One of the key parts of the various cybersecurity bills that have been pushed over the past few years is the idea that the federal government would help the private sector better protect against attacks. Of course, for that to makes sense, you'd think that the federal government would have its own "cybersecurity" house in order. Show More Summary
Despite a White House veto threat, the Republican House passed CISPA in April. The White House had a number of reasons for opposing the cybersecurity bill, including (ironically) privacy, making the House bill essentially dead in the Senate. Show More Summary
WASHINGTON (Reuters) - The U.S. Senate Commerce Committee is circulating a bill that marks the upper chamber's first stab at cybersecurity legislation and seeks to formalize part of an executive order that sets up voluntary standards for critical indus...
Mike Rogers (R-Mich) is famous for sponsoring CISPA, a cybersecurity bill that activists call "a privacy nightmare."
The Senate's new cybersecurity bill is all about defending U.S. trade secrets from foreign hackers.
The House passed a bad cybersecurity bill last month, under threat of veto from the White House. That veto threat, administration officials reiterate in response to a We the People petition, is still in effect. The administration will...Show More Summary
With CISPA dead (mercifully) from a critical case of Senate disinterest, the conversation has inevitably turned to what the next cybersecurity bill should look like. Over at Wired, Julian Sanchez has laid out some guidelines for a cybersecurity bill that actually works, achieving the stated goals of CISPA without butchering civil liberties. Show More Summary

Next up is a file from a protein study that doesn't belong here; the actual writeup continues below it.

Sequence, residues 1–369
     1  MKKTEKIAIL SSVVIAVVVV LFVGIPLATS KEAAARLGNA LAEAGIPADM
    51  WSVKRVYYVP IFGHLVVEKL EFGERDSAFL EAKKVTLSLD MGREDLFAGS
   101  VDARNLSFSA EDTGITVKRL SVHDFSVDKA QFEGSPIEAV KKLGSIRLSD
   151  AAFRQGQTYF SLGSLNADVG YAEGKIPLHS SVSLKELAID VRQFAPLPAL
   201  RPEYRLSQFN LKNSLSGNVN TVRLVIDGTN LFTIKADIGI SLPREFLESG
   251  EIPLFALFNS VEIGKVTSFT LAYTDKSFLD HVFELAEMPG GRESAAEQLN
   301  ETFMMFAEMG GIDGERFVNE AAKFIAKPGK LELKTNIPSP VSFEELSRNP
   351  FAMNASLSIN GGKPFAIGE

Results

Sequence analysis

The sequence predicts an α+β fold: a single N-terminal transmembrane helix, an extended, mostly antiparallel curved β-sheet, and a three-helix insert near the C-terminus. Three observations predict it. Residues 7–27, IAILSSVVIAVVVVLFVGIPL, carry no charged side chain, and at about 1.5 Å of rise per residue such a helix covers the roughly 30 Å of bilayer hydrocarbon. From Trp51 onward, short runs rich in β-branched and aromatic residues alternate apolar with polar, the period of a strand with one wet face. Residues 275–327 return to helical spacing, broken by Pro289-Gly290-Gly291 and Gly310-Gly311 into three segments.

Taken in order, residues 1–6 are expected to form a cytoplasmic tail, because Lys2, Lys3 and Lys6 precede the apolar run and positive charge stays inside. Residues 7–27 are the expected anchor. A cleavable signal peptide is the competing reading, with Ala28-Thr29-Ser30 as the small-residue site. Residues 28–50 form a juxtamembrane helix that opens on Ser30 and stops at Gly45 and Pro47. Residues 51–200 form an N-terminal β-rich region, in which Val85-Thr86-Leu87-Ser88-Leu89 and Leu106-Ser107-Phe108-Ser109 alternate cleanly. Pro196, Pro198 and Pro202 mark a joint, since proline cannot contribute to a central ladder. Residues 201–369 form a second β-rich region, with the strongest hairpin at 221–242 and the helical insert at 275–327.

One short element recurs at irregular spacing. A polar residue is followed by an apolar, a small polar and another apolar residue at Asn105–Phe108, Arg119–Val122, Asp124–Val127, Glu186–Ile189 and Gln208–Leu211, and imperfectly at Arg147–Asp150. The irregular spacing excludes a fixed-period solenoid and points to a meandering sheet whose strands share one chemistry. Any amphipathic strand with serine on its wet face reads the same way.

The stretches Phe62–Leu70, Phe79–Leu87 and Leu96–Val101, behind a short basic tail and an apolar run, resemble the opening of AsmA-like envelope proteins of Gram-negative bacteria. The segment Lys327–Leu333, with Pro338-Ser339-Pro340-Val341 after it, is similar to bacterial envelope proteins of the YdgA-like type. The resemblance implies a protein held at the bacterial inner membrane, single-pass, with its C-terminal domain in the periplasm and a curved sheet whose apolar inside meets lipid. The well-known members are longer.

With the cybersecurity bill in the water, the White House has responded to a petition from 117,000 citizens who opposed it.
If and when a cybersecurity bill moves to the Senate, the story about House passage of CISPA should not be about failure.
CISPA, the controversial cybersecurity bill passed by the House last week, appears to be dead in the Senate. It's deja vu all over again for the measure, which would authorize private companies to share your email, texts and other personal information with federal agencies without a warrant or other privacy protections. Show More Summary
It's really looking like the cybersecurity legislation fight for 2013 is merely a remake of the 2012 edition. First, the House passes CISPA in April, despite widespread privacy concerns (and CISPA's backers pretending they've taken care of them). Show More Summary
The controversial cybersecurity bill, known, ever so gently as, the Cyber Information Sharing and Protection Act (CISPA) - since it's for your own good - that web-spying-bill">passed the House last week looks set to be shelved in the Senate according to representatives. Show More Summary
Bad cyber security legislation CISPA is likely to fail if it goes to a vote on the Senate floor, according to comments made by Sen. Jay Rockefeller (D-W.V.), chairman of the committee on commerce, science and transportation, today.
The chairman of a key Senate committee cited "insufficient" privacy protections in the cybersecurity bill, recently passed by the House.
CISPA is all but dead, again. The controversial cybersecurity bill known as the Cyber Information Sharing and Protection Act, which passed the House of Representatives last week, will almost certainly be shelved by the Senate, according to a representative of the U.S. Show More Summary
Critics argue the vague language of the cybersecurity bill would allow companies to get away with some of the very same acts the bill is intended to stamp out.
It may claim to be about protecting people online, but CISPA supporters are actually downright hostile to protecting individuals on the Internet. Continue reading » Follow Above the Law on Twitter or become a fan on Facebook. Tags: CISPA, Computers, Cybersecurity, Ed Perlmutter, Internet, Mike Rogers, Privacy, Technology
Congress is once again pushing forward on a controversial bill to bolster the nation’s cybersecurity, which could end up changing how law firms and their clients respond to online threats. The House passed the Cyber Intelligence Sharing and Protection Act,...
FindLaw columnist Eric Sinrod writes regularly in this section on legal developments surrounding technology and the Internet. The House has approved the Cyber Intelligence Sharing and Protection Act (CISPA, H.R. 624). CISPA allows private companies and the federal government to exchange information relating to cybersecurity threats. The bill was passed......